From the street, the two decomposing bodies were nearly invisible, concealed in an overgrown lot alongside worn-out car tires and a moldy sofa. The teenagers had been shot, stripped to their underwear and left on a deserted block.
They were just the latest victims of foul play whose remains went undiscovered for days after being hidden deep inside Detroit's vast urban wilderness — a crumbling wasteland rarely visited by outsiders and infrequently patrolled by police.
Abandoned and neglected parts of the city are quickly becoming dumping grounds for the dead — at least a dozen bodies in 12 months' time. And authorities acknowledge there's little they can do.
"You can shoot a person, dump a body and it may just go unsolved" because of the time it may take for the corpse to be found, officer John Garner said.
The bodies have been purposely hidden or discarded in alleys, fields, vacant houses, abandoned garages and even a canal. Seven of the victims are believed to have been slain outside Detroit and then dumped within the city.
It's a pattern made possible by more than four decades of urban decay and suburban flight. White residents started moving to burgeoning suburbs in the 1950s, then stepped up their exodus after a deadly 1967 race riot. Detroit's black middle class followed over the next two decades, leaving block after block of empty homes.
Over time, tens of thousands of houses deteriorated. Some collapsed, others were demolished. Empty lots gave way to block-long fields.
Jacob Kudla and Jourdan Bobbish were found July 27 in a field off Lyford Street, a lonely road that borders an industrial area and a small municipal airport. The teens from suburban Westland, 18 and 17, respectively, had been visiting Kudla's uncle in Detroit when they disappeared July 22.
Their corpses were found by someone walking along the desolate block. The closest house, about 100 yards away, belongs to 74-year-old Ella Dunn.
Over the last 24 years, she has watched nearly all her neighbors move out. Now she constantly hears people dumping tires, furniture and trash.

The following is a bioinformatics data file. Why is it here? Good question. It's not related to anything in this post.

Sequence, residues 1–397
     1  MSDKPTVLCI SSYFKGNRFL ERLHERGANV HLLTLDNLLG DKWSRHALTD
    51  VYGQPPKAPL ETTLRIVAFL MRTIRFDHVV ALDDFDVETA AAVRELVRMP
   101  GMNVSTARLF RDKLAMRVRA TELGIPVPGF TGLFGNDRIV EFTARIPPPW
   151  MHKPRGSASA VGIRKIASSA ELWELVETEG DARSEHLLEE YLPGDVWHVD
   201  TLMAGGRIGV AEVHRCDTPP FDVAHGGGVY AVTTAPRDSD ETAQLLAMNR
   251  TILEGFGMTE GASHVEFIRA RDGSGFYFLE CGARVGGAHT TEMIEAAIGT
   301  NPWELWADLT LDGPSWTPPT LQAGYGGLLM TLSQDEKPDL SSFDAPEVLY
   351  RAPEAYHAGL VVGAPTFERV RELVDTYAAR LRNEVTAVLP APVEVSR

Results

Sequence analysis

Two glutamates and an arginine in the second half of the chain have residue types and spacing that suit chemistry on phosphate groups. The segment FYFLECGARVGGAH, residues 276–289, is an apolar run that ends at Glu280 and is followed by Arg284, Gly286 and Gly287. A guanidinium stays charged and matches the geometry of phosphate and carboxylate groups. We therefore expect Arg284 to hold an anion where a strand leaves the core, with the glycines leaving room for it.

"They drive down and push stuff out," she said.
A nearby parking lot resembles a small landfill for junk — a coloring book based on Bible characters, a yellow toilet, furniture, shoes and five boats.
"Detroit is a dumping ground for a lot of stuff," said Margaret Dewar, professor of urban and regional planning at the University of Michigan. "There is no one to watch. There is no capacity to enforce laws about dumping. There is a perception you can dump and no one will report it."
In mid-July, the decapitated bodies of a couple were pulled from the Detroit River and a nearby canal. Authorities say they were shot and dismembered in their home in suburban Allen Park, then driven to a little-used Detroit park and dumped in the water. A man who lived with them is charged in the slayings.
The bodies of two Hamtramck women were discovered in March buried in a neglected Detroit park. Five men are accused in the murders.
Back in December, the bodies of two women were found in a car parked near a vacant house. Six days later, the badly burned remains of two other women turned up in a car trunk. Police believe all were killed elsewhere and dumped in Detroit. A man from suburban Sterling Heights has been charged.
Detroit has more than 30,000 vacant houses, and the deficit-strangled city has no resources of its own to level them. Mayor Dave Bing is promoting a plan to tear down as many as possible using federal money. The state is also contributing to the effort.
But it's hard to keep up. About a quarter-million people moved out of Detroit between 2000 and 2010, leaving just over 700,000 residents in a city built for 2 million.
Census figures from two years ago show 793 people living on Lyford and the other 20 or so streets near the Coleman A. Young airport. Two decades earlier, about 2,900 people lived there.
Dunn's modest home is one of only three on the block that are still occupied.
"I couldn't move if I wanted to," she said. "They don't want to give you any money for your house."
On Tuesday, a patrol car slowly rolled by. Officers are more visible after the teens' bodies were found, Dunn added.
A larger police presence is needed across the city, but Detroit can't afford to hire more. The city recently cut police pay by 10 percent.
When he joined the department 13 years ago, Garner patrolled a 3.6-square-mile area in the tough 3rd Precinct, bumping into another officer every 20 minutes. Now he covers 22 square miles and crosses paths with other officers "maybe once every two hours."
"If we know this, the criminals know this," Garner said.
Sparse patrols and slow response times make it less likely that someone will be seen dumping a body.
"Years back, people would go to rural areas" to dump bodies, said Daniel Kennedy, a Michigan-based forensic criminologist. "Now we have rural areas in urban areas."
Detroit's reputation as a violent city with one of the highest crime rates in the country also works against it.
The body of a woman from wealthy Grosse Pointe Park was found in January in her Mercedes-Benz SUV in a Detroit alley. The marketing executive was apparently killed in the garage of her upscale suburban home, but left in the city. A family handyman has been charged.
If a body shows up in Grosse Pointe, Kennedy said, "those officers are sitting around waiting for something to happen, and they are all over it."